Both doctors, in their testimonies, mentioned Davidson’s irritation at the dust about the house, which seemed, according to reports, to be one catalyst for the killing
The court was told another story, about Davidson walking in a circle in a field for six hours straight. Another witness alluded to the dead man’s fear – while he was alive – that Davidson would kill him. A more general summation, from a man named John Sweeney, was simply that Davidson “had latterly been very strange in his manner”.
Two doctors who had examined Davidson gave evidence on March 5th. The first, Dr Woods, thought the prisoner was of “weak intellect, and that a little irritation would develop it into insanity”. Dr Robinson, superintendent of the Monaghan Lunatic Asylum, said the prisoner was of “feeble mind” but had no hallucinations. In Dr Robinson’s opinion, the prisoner knew he was committing a crime when he killed his stepfather.
Both doctors, in their testimonies, mentioned Davidson’s irritation at the dust about the house, which seemed, according to reports, to be one catalyst for the killing. The jury found Davidson not guilty by reason of insanity after 30 minutes’ deliberation.
“Criminal lunatic”, as is common in 19th century criminal files, is written in red ink on the official documentation concerning William Davidson’s case. The language, archaic and jarring as it is now, was then in common medical and official use. Data about “Lunatics and Idiots” were even tabulated in census reports.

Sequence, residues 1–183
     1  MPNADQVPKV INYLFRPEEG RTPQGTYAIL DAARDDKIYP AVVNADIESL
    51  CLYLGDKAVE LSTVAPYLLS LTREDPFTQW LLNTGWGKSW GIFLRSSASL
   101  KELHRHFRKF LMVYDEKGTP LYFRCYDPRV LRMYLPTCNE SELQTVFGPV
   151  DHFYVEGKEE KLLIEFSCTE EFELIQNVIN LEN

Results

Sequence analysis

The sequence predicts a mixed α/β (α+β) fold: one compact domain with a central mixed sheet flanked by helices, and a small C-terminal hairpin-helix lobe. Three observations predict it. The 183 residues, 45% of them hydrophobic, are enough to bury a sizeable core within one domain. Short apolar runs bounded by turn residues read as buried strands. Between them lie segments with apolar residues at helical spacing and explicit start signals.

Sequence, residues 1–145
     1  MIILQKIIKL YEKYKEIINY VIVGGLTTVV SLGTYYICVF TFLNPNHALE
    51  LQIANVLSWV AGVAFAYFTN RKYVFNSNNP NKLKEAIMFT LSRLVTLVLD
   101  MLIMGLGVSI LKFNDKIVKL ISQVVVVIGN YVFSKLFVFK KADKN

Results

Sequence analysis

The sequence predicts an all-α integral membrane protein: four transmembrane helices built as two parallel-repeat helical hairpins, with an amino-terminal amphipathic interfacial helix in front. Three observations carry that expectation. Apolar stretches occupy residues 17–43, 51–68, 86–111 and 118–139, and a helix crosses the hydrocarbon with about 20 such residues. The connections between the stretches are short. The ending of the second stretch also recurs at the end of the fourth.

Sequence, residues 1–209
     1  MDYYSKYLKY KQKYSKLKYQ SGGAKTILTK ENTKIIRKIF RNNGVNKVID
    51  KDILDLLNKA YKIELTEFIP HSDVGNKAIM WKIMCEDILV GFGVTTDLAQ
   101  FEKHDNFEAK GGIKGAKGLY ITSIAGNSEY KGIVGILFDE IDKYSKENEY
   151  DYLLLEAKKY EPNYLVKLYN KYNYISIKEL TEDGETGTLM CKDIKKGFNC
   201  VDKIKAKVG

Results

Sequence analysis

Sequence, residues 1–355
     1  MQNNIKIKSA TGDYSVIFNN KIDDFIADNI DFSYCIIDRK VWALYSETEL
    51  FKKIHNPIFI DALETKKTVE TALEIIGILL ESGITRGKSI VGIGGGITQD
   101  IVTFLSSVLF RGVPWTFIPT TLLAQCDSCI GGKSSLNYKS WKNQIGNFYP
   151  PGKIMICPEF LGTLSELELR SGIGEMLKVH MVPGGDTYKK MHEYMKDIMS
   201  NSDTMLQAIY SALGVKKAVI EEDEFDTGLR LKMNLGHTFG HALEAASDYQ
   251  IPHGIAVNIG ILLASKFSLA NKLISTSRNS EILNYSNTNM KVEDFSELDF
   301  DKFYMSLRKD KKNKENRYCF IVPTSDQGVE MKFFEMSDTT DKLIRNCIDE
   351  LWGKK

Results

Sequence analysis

The census report for 1881, for example, lists 389 “lunatics and idiots” in Co Monaghan: 218 males and 171 females. Other data for those individuals were recorded, including occupation and religion. For instance, we’re told the vast majority of the grouping in Co Monaghan – about 75 per cent – were Roman Catholic. This was a slightly lower proportion than nationally, where 14,723 of the 18,413 “lunatics and idiots” – or about 80 per cent – were listed as Catholics.
The census also reported the descriptions of the “lunacy or idiocy”: mania; melancholia; monomania; idiocy; idiocy with epilepsy; dementia; dementia with epilepsy; epilepsy; and unspecified. The physical “causes” were many and included: fever; epilepsy; child birth; sun stroke; and “malformation of the brain”, among others.
‘Moral or mental’
Another category of causes, listed as “moral or mental”, included: disappointment; love and jealousy; terror; grief; reverse of fortune, religious excitement; excitement; ill-treatment; study; anxiety; and pride. Grief (485) was the most common moral or mental cause in 1881, while intemperance was the highest-ranking physical cause (297), followed closely by epilepsy (284). Larger again was the cohort marked “hereditary” (871), and the most voluminous category by far were those with causes marked “unspecified”, at 14,254.
William’s quite-thin case file in the National Archives bears the tell-tale documents normally associated with “criminal lunacy”. Among them is the original assizes warrant issued to the governor of the prison in Monaghan, directing him to receive the prisoner following the trial in early March.
The boiler-plate Criminal Lunacy Application of Removal also survives, which specified Davidson’s destination – the central criminal lunatic asylum at Dundrum, which was the norm in such cases. Another familiar refrain is handwritten next to the section marked “Sentence”: “Acquitted on the grounds of insanity and ordered to be detained during the pleasure of the Lord Lieutenant.”